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Little red book of conrunning #8: Recruiting and the ten-percent rule - Walk Softly and Carry a Big Schtick .

March 13th, 2018
10:20 am

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Little red book of conrunning #8: Recruiting and the ten-percent rule

A series of posts on the art and craft of fannish volunteer-run conventions. These are my opinions and my experiences. As always, YMMV. All of these posts are available here: http://www.boston-baden.com/smofs/conrunning/

A few caveats about what I'm about to say.

This is my own opinion, about the sort of conventions I like to be involved with. They tend to have more features as they get larger. I think this applies up to about the 5000-person size of conventions, as above that you can benefit from some economies of scale.

Make a list of everyone who's making the convention happen. The directors or chair(s), the division and department heads, the assistants and seconds, the staff and the volunteers, the artists who contribute to the convention. (I like to have that list anyway, because I want to thank each of them, but that's not important right now.) Count the names.

Now consider the total number of attendees. All the unique badges issued. If one person gests a badge for being staff and a different badge for being on program, that only counts as one person, not two. Divide the first number by the second, and express it as a percentage.

I think these conventions work best when that ratio is around 10%. Eight percent to ten percent, anyway. World Science Fiction Conventions tend to have 10% or more — a brigade of volunteers, many of whom have staffed Worldcons before, and when they get to town they get moving and things happen. For most of the years I was chair of Animé Los Angeles, we were running close to 9%.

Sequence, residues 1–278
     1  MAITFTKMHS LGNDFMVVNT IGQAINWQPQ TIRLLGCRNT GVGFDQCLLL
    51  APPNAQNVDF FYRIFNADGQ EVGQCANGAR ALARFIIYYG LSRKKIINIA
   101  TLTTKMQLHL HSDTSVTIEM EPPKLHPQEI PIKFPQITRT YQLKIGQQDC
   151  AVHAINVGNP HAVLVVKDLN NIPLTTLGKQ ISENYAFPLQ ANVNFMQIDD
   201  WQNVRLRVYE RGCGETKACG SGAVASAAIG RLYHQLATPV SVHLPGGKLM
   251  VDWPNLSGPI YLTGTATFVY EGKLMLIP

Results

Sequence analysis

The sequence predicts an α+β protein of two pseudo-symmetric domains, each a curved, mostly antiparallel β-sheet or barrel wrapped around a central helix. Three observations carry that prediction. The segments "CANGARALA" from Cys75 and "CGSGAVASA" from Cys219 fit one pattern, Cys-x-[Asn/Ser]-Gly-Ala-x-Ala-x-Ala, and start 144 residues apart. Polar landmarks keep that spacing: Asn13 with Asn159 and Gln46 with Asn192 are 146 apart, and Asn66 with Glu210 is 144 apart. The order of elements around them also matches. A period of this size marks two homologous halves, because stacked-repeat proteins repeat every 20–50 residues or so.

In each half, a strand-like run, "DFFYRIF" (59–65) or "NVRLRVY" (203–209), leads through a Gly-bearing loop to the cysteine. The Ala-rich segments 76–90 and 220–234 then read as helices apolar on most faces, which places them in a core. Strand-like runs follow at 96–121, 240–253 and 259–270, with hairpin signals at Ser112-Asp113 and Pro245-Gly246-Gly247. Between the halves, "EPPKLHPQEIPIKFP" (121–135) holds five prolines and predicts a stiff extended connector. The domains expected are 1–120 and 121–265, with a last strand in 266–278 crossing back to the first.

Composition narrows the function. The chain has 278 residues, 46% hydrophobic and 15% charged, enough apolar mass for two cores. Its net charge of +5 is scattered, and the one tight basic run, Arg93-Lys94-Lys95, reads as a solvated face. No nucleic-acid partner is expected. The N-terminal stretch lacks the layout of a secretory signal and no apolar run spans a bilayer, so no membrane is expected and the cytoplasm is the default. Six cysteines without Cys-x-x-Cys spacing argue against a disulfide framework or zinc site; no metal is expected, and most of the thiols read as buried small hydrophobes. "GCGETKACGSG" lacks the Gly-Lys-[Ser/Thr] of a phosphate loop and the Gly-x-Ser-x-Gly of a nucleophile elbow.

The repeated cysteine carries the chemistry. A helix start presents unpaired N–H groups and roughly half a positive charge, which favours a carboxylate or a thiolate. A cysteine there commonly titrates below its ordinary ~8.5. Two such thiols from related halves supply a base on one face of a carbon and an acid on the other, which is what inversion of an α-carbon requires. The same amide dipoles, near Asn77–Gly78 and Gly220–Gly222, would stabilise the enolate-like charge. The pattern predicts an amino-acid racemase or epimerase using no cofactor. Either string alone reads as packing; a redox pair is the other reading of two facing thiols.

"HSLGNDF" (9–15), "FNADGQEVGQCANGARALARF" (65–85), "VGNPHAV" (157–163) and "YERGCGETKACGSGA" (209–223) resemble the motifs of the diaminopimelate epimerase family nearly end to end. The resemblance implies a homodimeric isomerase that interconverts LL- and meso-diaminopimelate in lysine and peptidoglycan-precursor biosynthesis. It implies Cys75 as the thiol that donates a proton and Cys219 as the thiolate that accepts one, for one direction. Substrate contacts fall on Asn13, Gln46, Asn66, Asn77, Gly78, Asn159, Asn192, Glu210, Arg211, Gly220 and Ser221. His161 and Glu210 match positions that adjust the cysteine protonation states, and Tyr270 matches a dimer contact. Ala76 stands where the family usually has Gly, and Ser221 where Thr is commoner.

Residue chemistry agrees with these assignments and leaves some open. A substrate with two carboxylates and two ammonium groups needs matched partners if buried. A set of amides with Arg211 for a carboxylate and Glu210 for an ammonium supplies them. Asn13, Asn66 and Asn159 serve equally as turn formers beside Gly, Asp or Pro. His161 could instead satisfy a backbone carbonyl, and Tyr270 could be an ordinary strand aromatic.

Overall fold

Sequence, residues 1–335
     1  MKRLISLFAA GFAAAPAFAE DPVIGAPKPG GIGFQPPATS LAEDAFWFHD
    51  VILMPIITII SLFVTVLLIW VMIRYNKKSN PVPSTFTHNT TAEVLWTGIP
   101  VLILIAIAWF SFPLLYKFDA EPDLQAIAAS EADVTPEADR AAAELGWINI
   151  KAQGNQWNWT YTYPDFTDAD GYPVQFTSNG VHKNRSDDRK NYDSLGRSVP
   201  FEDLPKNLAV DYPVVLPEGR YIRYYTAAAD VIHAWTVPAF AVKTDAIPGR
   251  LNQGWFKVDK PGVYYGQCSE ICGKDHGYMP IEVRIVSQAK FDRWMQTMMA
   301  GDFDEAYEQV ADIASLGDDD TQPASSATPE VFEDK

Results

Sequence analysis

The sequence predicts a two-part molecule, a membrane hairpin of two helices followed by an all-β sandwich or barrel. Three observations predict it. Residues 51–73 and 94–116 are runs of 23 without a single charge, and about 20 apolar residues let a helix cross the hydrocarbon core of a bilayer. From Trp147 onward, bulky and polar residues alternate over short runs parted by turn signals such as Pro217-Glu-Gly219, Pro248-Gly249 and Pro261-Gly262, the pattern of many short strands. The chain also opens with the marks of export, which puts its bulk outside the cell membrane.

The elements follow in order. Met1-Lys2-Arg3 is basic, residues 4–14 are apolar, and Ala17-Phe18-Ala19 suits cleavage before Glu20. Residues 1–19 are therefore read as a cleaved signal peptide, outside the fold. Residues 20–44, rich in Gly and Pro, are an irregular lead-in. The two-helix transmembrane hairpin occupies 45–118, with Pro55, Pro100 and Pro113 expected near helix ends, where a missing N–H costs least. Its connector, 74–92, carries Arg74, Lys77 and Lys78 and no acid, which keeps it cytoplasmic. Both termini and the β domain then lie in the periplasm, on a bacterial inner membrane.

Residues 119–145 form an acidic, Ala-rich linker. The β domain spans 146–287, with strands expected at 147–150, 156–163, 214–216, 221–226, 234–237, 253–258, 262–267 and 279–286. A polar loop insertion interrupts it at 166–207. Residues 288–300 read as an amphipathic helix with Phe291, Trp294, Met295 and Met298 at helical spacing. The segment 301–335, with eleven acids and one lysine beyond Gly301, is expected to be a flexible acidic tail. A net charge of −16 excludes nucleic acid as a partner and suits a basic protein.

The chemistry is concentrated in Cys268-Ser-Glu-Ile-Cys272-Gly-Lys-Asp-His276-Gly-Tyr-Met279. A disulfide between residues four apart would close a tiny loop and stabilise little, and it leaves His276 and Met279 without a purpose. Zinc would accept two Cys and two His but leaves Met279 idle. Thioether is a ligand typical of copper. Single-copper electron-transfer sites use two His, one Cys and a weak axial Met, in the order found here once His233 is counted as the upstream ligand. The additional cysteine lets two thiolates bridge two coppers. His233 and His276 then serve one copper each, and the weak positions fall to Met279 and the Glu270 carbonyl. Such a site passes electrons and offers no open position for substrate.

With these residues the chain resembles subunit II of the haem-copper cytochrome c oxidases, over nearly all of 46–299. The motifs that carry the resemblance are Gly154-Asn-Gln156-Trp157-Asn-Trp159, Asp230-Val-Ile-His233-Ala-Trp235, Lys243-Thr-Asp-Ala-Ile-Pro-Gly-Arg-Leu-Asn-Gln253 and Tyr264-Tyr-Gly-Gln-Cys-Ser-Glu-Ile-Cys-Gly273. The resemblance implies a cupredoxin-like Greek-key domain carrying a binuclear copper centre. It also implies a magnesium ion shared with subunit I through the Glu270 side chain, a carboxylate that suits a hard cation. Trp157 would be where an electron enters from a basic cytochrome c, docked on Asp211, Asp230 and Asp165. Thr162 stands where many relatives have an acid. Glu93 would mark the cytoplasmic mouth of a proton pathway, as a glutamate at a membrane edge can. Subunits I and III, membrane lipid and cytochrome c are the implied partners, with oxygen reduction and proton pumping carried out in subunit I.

If your ratio is closer to six percent the convention can still function but you're going to start seeing a lot of burn and churn. If you're down around four percent, your convention is on life-support and fixing your recruiting and all of the other systemic problems are your top priority. Case in point, by Anime Conji's second year they were at 6% and falling and the cracks and fault lines were clearly visible.

I'd like to emphasize that I think the ratio can drop off when you get in the neighborhood of ten thousand or so. You should still be mindful of the overall numbers, though. And if your staff and volunteer numbers (possibly including hired outside contractors such as tech or security) are declining, even as your overall attendance is rising, I would view that with alarm.

Now growth patterns are wildly different in the anime convention world vs. science fiction fandom. Most anime conventions have a disconcertingly steep growth pattern to them. If your first three years you hit 600, 1300, and 1800, then you have to put a lot of care and attention into recruiting to support the convention's increase. You also have a significant task in socializing the newcomers, educating the barbarians at the gates as to the convention's norms and etiquettes. It's a wild ride.

You should always be on the lookout for good staff people.

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